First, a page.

other words, women who had been gynecologic or breast
oncological surgery had only the minimum required score for
admission to the ICU. Consequently, most of the women remained
only 2 days in the ICU and were then transferred to another hospital
unit. With respect to the postoperative period, most of the care given
consisted of basic procedures, such as standard monitoring, changing
dressings, collecting samples for tests, and taking care of drains.
However, it should be emphasized that many of the women
required respiratory physiotherapy, ventilation support, and
central venous access. This observation suggests that a
physiotherapist should be part of the postsurgical therapeutic
team of nurses and physicians. In addition, gynecologic and
breast surgeons should have some degree of familiarity with
the ventilation support system and be competent at performing
central venous access.

The quantification indexes of the nursing workload are important

instruments for planning and evaluating hospital units, particularly
ICUs. Our study shows that the complexity of care required by
women who have gynecologic and breast oncological surgery
was intermediate and was greater in the case of women who
had gynecologic surgery. With respect to the workload, our results
show that one nurse could take full responsibility for the care of 2
women who had undergone gynecologic oncological surgery and would
still have approximately 20 minutes for carrying out any extra
activities in a 6-hour shift. With respect to the postoperative period of
women who had undergone breast oncological surgery, if one nurse
takes full responsibility for the care of 2 women who have breast
surgery, he or she would still have up to 60 minutes for performing
any extra activities during a 6-hour shift.

Other studies have shown a correlation between the severity of the

disease, mortality, and TISS-28 scores. In this study, however, no such
correlation was observed, and the 4 women who died did so after
being discharged from the ICU. However, it is to be noted that the 4
women who died after leaving the ICU were significantly older
than the mean age of the population studied (except for 1
women aged 66 years) and had extensive disease, which led to
bowel obstruction in 3 cases and complications from liver
metastases in 1 women. The APACHE II system, used to evaluate
the clinical severity of women admitted to the ICU, also failed to
correlate with TISS-28 scores, although a correlation has been
reported by other investigators. 11 On the other hand, APACHE II is
known to be a good predictor of the severity of diseases or acute
complications. Because death occurred at a late stage in most of the
women, the hypothesis could be raised that the complication that led
to their death was not present at the time of their admission to the
ICU or that the complication had not resulted in systemic repercussion
to the woman at the time of her admission when the APACHE II score
was calculated.

As a secondary result of this study, a relationship was observed

between hypertension and age as possible risk factors for
postoperative mortality. It should be emphasized that of the 4
women who died, all were hypertensive and 3 were older than
80 years. Interestingly, the youngest of the deceased women had a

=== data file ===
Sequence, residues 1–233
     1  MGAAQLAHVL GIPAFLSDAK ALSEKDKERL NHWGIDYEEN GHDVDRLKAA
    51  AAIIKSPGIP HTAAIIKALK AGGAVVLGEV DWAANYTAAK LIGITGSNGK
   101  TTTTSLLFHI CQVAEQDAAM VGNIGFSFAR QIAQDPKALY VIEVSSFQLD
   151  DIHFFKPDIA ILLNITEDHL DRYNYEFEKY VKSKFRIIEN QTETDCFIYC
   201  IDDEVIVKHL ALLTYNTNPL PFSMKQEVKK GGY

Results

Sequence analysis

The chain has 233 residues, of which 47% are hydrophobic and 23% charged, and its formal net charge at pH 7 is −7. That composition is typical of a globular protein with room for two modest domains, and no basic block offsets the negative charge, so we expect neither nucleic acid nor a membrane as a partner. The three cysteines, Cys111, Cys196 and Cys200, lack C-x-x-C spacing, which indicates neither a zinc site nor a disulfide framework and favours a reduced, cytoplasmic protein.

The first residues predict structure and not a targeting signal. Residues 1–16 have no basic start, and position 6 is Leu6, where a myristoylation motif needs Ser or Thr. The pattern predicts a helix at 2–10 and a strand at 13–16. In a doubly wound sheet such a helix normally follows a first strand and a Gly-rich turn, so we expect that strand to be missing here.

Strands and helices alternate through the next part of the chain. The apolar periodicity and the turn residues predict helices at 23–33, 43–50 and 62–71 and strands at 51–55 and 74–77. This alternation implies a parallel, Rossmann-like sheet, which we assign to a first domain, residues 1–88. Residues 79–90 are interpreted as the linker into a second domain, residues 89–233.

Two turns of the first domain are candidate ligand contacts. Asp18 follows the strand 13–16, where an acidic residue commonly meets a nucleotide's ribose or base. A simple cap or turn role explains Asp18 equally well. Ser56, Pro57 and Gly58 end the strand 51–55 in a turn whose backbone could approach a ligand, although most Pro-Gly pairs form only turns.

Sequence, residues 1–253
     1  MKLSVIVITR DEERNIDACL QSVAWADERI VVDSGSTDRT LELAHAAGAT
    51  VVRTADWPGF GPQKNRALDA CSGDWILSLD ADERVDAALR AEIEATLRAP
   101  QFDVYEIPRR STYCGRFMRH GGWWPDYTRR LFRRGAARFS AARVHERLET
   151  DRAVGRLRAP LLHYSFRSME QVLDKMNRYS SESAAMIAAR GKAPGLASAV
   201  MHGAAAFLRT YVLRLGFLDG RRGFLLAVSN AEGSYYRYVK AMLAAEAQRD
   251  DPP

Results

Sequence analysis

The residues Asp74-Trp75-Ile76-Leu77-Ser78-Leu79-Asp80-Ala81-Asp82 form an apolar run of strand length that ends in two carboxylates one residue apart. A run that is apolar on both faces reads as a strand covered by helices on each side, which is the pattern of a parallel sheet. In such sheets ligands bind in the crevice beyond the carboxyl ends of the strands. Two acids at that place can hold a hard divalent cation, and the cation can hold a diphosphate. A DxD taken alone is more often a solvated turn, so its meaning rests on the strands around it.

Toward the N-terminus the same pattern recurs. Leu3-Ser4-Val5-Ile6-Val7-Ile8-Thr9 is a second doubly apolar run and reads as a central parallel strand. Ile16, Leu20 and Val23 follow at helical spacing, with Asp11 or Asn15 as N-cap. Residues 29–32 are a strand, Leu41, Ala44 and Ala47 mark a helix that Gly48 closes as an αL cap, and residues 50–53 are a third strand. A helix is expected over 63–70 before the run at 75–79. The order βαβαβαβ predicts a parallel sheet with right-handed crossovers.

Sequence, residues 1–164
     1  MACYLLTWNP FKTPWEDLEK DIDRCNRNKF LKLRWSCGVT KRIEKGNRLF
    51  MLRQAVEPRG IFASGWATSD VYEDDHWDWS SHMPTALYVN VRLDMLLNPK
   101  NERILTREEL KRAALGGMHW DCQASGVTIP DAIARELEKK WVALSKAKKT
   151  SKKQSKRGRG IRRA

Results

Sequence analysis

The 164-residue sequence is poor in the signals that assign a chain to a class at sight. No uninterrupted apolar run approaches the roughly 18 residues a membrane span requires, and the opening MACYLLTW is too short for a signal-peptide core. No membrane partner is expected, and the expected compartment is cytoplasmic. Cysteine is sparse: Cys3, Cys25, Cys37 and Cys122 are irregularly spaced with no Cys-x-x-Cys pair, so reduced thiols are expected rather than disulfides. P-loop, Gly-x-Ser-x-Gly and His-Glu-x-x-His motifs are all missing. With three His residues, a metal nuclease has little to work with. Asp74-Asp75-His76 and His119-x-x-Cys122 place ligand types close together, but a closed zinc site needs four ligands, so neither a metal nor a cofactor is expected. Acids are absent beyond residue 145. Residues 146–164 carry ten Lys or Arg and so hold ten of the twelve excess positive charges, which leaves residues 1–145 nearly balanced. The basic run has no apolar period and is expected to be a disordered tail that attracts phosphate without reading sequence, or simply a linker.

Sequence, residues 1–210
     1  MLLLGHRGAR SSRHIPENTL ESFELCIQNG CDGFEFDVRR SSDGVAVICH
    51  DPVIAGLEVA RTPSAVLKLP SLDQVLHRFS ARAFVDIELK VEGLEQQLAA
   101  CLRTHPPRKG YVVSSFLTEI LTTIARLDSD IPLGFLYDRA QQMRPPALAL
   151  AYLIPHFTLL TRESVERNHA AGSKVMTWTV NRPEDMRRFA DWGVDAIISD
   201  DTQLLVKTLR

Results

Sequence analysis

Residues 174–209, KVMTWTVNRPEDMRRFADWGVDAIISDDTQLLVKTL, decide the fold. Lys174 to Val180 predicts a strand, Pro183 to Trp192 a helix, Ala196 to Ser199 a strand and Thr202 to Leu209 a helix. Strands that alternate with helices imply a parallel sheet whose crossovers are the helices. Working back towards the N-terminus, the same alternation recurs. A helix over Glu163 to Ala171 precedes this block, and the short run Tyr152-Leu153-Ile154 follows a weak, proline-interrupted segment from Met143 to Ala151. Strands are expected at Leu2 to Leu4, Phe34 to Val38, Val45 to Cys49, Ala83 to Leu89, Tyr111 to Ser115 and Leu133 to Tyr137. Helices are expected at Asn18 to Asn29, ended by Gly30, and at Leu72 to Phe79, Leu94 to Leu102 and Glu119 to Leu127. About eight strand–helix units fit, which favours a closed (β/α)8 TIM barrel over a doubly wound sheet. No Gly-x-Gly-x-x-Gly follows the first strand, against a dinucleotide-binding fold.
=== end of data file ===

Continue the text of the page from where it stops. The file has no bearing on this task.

TISS-28 score of 40 on day 4 and 37 on day 5, reflecting an
understandable tendency toward providing a more intensive care to
women at younger ages, despite the disease extension and small
likelihood of cure.

Systemic arterial hypertension is a fairly common chronic disease,

generally related to advanced age and possibly associated with
cardiovascular disease and renal complications. 16 In a recent
literature review, elderly patients were shown to have a much greater
risk at surgery because of the relationship between age and
physiological status. 17

In conclusion, this study shows that in the postoperative

evaluation of gynecologic and breast oncological surgery, the
use of the TISS-28 allows quantification of the ICU workload,
although this system has not been shown to be a good instrument for
evaluating prognosis. Our findings allow us to conclude that the
degree of complexity of care during the postoperative period is
intermediate and suggest that a multiprofessional team should
be formed to provide adequate care for this category of
patients. Although there is a recommendation that this type of
postoperative care should be provided in an intensive care setting, we
realize that this is not always possible in Brazil. General units are a
reasonable option to ICUs in most postoperative gynecologic cases, as
may be inferred from the TISS-28 values shown in this study.
However, to be capable of dealing with demanding patients, personnel
must be trained and a multiprofessional team must be formed. The
presence of physiotherapists is certainly mandatory because early
implementation of exercises unequivocally improves and shortens the
postoperative recovery. Besides training, the required number of
nurses to match the needs of oncologic patients is certainly superior to
that in an ordinary gynecology infirmary, implying a more elevated
financial investment, which is not always possible, especially in low-
resource settings. On the other hand, a secondary result of this
study is the preliminary characterization of a risk group among
women who have gynecologic or breast oncological surgery: all
those who died were hypertensive and the majority was older
than 80 years. Therefore, specific studies are required to
adequately evaluate the appropriate treatment of elderly or
hypertensive women with cancer. Also importantly, caregivers
should be aware of the most likely complications, like postoperative
bowel obstruction, which can occur during the ICU stay and are
preventable by reducing or eliminating postoperative pain without
excessive sedation, which promotes rapid mobilization and return to
self-care. Strategies for pain management that reduce postoperative
ileus and other adverse reactions to analgesics can be adopted.